Of the seven sayings of Jesus on the cross there are several that have caught my mind, but the most compelling and heart-wrenching was, “My God, my God, why hast thou forsaken me?” (Matthew 27:46; Mark 15:34).

    Not everyone agrees with me why, but that’s okay. Many people, when they hear Jesus’ statement, point to 2 Corinthians 5:21 and say that’s why. This small article is not intended to be an exposition of that scripture. Suffice it to say I believe what Paul is saying there is a metonymy, a putting of a part for the whole, that Jesus was made to be a sin offering, not literal sin (Hebrews 4:15).

    The act of atonement is happening at the cross, or the process where the justice of God meets the satisfaction of the law’s demands. The soul that sins must die, Ezekiel 18:4, 20 tells us. Jesus had never committed a sin, but died as our sin sacrifice (Romans 5:8-10). The penalty of sin must be paid. Had the penalty not been paid, God’s justice is not satisfied and the law is merely a joke.

    But God allowed his son to die. He couldn’t save him. If WE are to be saved, then God the Father must allow his only begotten son to die for US. Doesn’t this take us back to Gethsemane? Jesus asked, “Father, if thou be willing, remove this cup from me: nevertheless, not my will, but thine, be done,” (Luke 22:42). Certainly, Jesus was faced with his own death, but he was also faced with the prospect that, at some point, he would be separated from his Father.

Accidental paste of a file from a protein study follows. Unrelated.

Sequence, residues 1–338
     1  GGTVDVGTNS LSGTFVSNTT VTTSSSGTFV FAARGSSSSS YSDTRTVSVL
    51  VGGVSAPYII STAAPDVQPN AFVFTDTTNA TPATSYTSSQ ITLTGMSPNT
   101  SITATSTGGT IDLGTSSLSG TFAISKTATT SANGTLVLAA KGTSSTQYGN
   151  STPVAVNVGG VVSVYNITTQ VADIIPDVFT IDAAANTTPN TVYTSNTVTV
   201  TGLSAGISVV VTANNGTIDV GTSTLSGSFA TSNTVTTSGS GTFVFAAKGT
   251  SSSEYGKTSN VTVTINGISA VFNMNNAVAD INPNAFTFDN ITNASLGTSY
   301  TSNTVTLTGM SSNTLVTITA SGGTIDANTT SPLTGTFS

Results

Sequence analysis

Anyone who has ever had to let a family member die knows how difficult it is to let go. But, what if you had the ability to save them? Could you just let them go? God had to do exactly that. He had to allow his son to die so that we could be saved. “But God demonstrates his own love for us, in that while we were still sinners, Christ died for us,” (Romans 5:8 NET).

    • Mike Riley 1:34 pm on May 4, 2010 Permalink | Reply

      Great observations, John! I’m so thankful that Jesus loved me enough to die in my place for the punishment that I should have received. Hallelujah, what a Savior!

      • John Henson 4:31 pm on May 4, 2010 Permalink | Reply

        Thank you, brother. You are always so kind.

  • Larry Miles 12:44 pm on May 4, 2010 Permalink | Reply
    Tags: cross, , Love of Christ,   

    It Is Finished!

    I have to agree with Laura on this one. By our Lord saying these words, it is a culmination of Old Testament prophecy that was in the plan of God before the foundation of the world. Jesus had to be lifted up on the Cross (prophecy) to redeem fallen man, but we can glory in the fact that He is not on the Cross now but died ONCE for us. It behooves us to worship Him Daily and seek to live for Him who died for us!

  • Laura 11:39 am on May 4, 2010 Permalink | Reply
    Tags: cross, , ,   

    It is Finished 

    Jesus’ statement, “it is finished” sticks with me. These three words are not a statement of merely the end of His earthly life. It is so deep and carries with it so much.

  • Richard Mansel 8:30 pm on April 8, 2010 Permalink | Reply
    Tags: cross,   

    The Cross 

    Separate the gospel from the cross and you are left with a glorified social club.

  • Richard Mansel 11:34 pm on December 17, 2009 Permalink | Reply
    Tags: cross, , , , thomas   

    Do We See the Scars? 

    Paula Harrington delivers her usual powerful article entitled, Scars. She writes of the lessons learned from the scars that we carry in our bodies and spirits.